Who is Eligible for VA DIC Benefits for Survivors?
The VA has DIC Benefits for survivors of fallen warriors, also referred to as Dependency and Indemnification Compensation. Nationwide, between 2004 and 2014, over 750,000 disabled veterans died while receiving compensation for a service-connected condition. A large percentage of those suffered premature death due to external causes, meaning a condition that was often connected to their service.
Losing a loved one is difficult no matter what, but in some instances, it can be financially damaging as well. VA disability benefits can exceed $3,200 per month for totally disabled veterans, which provides financial and emotional security for the veterans’ families. Nothing can reverse the chain of events which lead to a service-connected disability death. However, benefits are available that ease both the financial and emotional burden these families feel. These benefits are known as Dependency and Indemnity Compensation, or DIC.
Three groups of individuals are potentially eligible for survivor benefits when a veteran passes away, in a particular order. First, the veteran’s surviving spouse is eligible. Second, the veteran’s surviving children, if any, are eligible. And third, the veteran’s surviving parents will be eligible.
When they contest regular disability claims, lawyers representing the VA usually challenge the extent of disability or the existence of a service-related connection. In DIC claims, these issues are usually irrelevant, because the veteran is often already service-connected. However, the VA could deny a DIC claim based on an improper relationship between the claimant and the deceased veteran. A VA disability attorney advocates for claimants in these situations, so they get the benefits they need and deserve.
The qualifications for surviving spouse DIC benefits seem rather complex. But if we break them down, they are pretty easy to understand.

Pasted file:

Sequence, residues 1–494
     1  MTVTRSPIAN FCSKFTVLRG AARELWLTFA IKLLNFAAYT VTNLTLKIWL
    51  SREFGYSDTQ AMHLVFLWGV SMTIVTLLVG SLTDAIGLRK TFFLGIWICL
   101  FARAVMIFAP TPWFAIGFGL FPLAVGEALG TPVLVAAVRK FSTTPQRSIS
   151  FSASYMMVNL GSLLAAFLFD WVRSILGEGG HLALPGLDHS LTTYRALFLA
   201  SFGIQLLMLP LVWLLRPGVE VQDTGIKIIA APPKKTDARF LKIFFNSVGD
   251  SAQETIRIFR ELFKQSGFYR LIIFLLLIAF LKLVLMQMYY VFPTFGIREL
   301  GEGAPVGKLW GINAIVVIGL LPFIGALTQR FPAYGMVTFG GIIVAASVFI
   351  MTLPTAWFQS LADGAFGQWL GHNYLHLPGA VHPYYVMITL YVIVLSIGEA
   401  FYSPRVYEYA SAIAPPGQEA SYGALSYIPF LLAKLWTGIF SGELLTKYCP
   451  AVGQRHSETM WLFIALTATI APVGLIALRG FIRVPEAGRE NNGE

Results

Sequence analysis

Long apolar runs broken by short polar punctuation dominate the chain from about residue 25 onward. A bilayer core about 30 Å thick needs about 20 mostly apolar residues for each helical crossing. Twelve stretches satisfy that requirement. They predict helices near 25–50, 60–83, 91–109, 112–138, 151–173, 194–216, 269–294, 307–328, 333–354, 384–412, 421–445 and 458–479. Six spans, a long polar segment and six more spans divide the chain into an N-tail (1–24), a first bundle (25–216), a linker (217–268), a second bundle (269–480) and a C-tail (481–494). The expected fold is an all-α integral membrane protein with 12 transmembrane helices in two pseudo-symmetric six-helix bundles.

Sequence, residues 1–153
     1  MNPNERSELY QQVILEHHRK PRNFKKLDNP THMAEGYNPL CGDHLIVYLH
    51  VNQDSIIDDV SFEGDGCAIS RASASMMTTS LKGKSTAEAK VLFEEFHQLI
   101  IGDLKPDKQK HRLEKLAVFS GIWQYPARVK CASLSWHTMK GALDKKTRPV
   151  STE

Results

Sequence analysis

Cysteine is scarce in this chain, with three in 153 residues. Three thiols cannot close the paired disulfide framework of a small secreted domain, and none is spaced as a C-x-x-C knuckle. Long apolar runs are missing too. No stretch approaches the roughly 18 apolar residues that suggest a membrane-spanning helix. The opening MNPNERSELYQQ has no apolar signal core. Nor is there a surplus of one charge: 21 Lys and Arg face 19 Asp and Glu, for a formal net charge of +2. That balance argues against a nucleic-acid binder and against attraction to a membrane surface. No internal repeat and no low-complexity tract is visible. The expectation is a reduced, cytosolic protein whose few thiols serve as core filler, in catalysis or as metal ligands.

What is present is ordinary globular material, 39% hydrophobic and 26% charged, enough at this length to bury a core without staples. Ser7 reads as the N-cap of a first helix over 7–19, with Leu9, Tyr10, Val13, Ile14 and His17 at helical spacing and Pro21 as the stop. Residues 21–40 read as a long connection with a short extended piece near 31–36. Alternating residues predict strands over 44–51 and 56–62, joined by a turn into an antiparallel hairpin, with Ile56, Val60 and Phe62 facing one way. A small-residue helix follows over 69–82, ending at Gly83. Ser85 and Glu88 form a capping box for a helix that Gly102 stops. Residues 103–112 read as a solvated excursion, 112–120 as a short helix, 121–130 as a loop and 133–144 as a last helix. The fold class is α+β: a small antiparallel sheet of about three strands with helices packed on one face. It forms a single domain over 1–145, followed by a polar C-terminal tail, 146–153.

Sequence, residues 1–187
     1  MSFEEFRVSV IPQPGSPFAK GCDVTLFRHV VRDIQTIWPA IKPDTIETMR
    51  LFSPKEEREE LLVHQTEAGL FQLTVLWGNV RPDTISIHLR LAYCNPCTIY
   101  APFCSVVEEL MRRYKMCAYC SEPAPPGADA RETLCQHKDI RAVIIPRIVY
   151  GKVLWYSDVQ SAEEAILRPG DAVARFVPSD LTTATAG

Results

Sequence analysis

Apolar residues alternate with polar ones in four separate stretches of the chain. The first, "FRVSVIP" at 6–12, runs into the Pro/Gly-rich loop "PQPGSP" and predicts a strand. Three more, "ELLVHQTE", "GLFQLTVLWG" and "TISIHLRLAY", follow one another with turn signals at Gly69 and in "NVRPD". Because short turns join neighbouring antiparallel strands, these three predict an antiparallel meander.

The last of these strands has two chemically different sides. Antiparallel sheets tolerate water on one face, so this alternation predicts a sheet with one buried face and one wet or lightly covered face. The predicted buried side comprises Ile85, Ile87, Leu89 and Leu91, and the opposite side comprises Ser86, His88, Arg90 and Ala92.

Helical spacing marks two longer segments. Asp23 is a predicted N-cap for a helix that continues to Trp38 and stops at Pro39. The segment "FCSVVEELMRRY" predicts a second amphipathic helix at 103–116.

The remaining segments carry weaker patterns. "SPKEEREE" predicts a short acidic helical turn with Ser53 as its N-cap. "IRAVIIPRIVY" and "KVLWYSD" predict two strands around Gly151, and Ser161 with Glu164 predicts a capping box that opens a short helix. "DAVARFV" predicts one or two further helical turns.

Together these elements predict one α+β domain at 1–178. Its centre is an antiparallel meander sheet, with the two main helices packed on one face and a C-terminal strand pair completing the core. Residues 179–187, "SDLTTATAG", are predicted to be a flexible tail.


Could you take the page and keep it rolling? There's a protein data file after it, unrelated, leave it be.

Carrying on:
A straightforward marriage to the deceased veteran usually meets the requirement. However, if the claimant and veteran did not have a straightforward marriage, other conditions can check this box. For example, if the claimant had a child with the veteran and cohabitated with the veteran continually until the veteran’s death, he or she could be considered a surviving spouse for DIC purposes. Additionally, if the spouse was separated from the veteran at the time of death, it must not be proven that it was the claimant’s fault for the separation.
Continual cohabitation does not mean being together 24/7/365. Almost all couples spend days, weeks, or even months apart. Brief “cooling off” separations are almost as common. Once again, such informal separations could last a few hours or much longer. As a rule of thumb, one or two brief separations does not torpedo a DIC survivor benefits claim.
As for divorce, most divorces are no-fault these days, and this must be the case for a claimant. Additionally, the divorced spouse cannot have remarried or be in a marriage-like relationship at the time of the DIC application, however, some limited exceptions apply.
Other conditions and combinations of conditions can satisfy the eligibility requirement. An experienced attorney will know what evidence is necessary to prove eligibility.
Unmarried children under 18, or under 23 if they are attending school, are eligible for survivor benefits if a surviving spouse does not claim benefits.
The “attending school” qualification is subject to interpretation. Acceptance, enrollment, and attendance might or might not be different things, depending on the facts and circumstances. Furthermore, the requirement’s implication is full-time attendance at school.
Surviving children, like all DIC applicants, must provide proof of a service-related death. If the single cause of death on the Veteran’s death certificate matches the Veteran’s disability, this element is straightforward. However, multiple causes of death are common. Additionally, the cause of death could be indirectly related to the disability, like a hospital infection. In that situation, a disability attorney will know what evidence is necessary to have the best chance at success.
If no surviving spouse or surviving children claim DIC benefits, the deceased veteran’s surviving parents can claim them.
Adoptive, foster (if the deceased Veteran was a foster child immediately before s/he joined the service), and biological surviving parents are eligible for benefits if their income is below certain levels. These income requirements vary, mostly depending on whether one or both parents apply for benefits.
Work with Compassionate Attorneys
An attorney is a valuable partner in all phases of a disability claim. For a free consultation with an experienced Veterans disability lawyer, contact the Cameron Firm, P.C. at 800-861-7262 or fill out the contact box to your right. We are here to represent Veterans nationwide.
This article is for educational and marketing purposes only. It does not create an attorney-client relationship.